[Fig. 4]

   As NAP [I-D.ietf-v6ops-nap] describes, using a ULA may be beneficial
   in some scenarios.  If the ULA is used for internal communication,
   packets with ULA need to be filtered at the Gateway.

   There is no serious problem related to address selection in this
   case, because of the dissimilarity between the ULA and the Global
   Unicast Address.  The longest matching rule of RFC 3484 chooses the
   correct address for both intra-site and extra-site communication.

   In a few years, however, the longest matching rule will not be able
   to choose the correct address anymore.  That is the moment when the
   assignment of those Global Unicast Addresses starts, where the first
   bit is 1.  In RFC 4291 [RFC4291], almost all address spaces of IPv6,
   including those whose first bit is 1, are assigned as Global Unicast
   Addresses.

2.1.5.  Site Renumbering

   RFC 4192 [RFC4192] describes a recommended procedure for renumbering
   a network from one prefix to another.  An autoconfigured address has
   a lifetime, so by stopping advertisement of the old prefix, the
   autoconfigured address is eventually invalidated.



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   However, invalidating the old prefix takes a long time.  You cannot
   stop routing to the old prefix as long as the old prefix is not
   removed from the host.  This can be a tough issue for ISP network
   administrators.

                              +-----+---+
                              | Gateway |
                              +----+----+
                                   |  2001:db8:b::/64  (new)
                                   |  2001:db8:a::/64 (old)
                         ------+---+----------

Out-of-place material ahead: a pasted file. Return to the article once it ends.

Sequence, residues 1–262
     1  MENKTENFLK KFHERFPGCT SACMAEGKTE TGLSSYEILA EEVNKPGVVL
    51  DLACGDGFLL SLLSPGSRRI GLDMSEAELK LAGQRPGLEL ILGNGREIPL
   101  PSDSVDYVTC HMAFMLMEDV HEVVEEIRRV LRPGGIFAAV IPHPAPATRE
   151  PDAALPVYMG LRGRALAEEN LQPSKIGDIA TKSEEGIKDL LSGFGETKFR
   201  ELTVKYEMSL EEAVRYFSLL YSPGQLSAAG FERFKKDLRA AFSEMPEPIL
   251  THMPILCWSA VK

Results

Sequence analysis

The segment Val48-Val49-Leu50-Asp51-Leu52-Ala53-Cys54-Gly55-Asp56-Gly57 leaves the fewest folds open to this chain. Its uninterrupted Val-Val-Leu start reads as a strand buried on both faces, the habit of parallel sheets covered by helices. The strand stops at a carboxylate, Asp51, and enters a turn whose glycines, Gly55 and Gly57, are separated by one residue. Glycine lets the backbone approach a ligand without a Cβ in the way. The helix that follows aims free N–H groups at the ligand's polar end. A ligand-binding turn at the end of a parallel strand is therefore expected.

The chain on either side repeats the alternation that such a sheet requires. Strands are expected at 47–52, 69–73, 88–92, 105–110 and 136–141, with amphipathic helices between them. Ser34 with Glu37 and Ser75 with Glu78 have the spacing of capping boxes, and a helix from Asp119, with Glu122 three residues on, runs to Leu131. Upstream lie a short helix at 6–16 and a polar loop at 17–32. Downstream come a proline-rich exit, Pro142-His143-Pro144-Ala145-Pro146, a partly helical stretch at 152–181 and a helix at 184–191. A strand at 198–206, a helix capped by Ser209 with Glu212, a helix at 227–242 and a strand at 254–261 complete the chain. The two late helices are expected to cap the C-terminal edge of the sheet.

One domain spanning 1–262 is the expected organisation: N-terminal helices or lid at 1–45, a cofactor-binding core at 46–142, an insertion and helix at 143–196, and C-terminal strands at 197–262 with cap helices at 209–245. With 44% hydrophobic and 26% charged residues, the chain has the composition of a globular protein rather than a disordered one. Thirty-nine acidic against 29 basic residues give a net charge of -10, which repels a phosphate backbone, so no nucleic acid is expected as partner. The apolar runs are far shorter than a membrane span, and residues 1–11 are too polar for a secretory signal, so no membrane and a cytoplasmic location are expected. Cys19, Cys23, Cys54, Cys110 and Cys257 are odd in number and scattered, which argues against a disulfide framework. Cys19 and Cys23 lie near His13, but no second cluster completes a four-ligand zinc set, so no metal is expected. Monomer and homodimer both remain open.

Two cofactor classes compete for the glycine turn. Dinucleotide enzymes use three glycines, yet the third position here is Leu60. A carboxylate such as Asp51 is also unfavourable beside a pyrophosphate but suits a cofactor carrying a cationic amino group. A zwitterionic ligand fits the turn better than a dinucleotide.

|
                            +--+-----+ 2001:db8:b::EUI64  (new)
                            | Host-A | 2001:db8:a::EUI64 (old)
                            +--------+

                                [Fig. 5]

2.1.6.  Multicast Source Address Selection

   This case is an example of Site-local or Global prioritization.  When
   you send a multicast packet across site-borders, the source address
   of the multicast packet must be a global scope address.  The longest
   matching algorithm, however, selects a ULA if the sending host has
   both a ULA and a global address.

2.1.7.  Temporary Address Selection

   RFC 3041 [RFC3041] defines a Temporary Address.  The usage of a
   Temporary Address has both pros and cons.  That is good for viewing
   web pages or communicating with the general public, but that is bad
   for a service that uses address-based authentication and for logging
   purposes.

   If you could turn the temporary address on and off, that would be
   better.  If you could switch its usage per service(destination
   address), that would also be better.  The same situation can be found
   when using HA and CoA in a MobileIP network.

2.2.  Destination Address Selection

2.2.1.  IPv4 or IPv6 prioritization

   The default policy table gives IPv6 addresses higher precedence than
   IPv4 addresses.  There seem to be many cases, however, where network
   administrators want to control the address selection policy of end-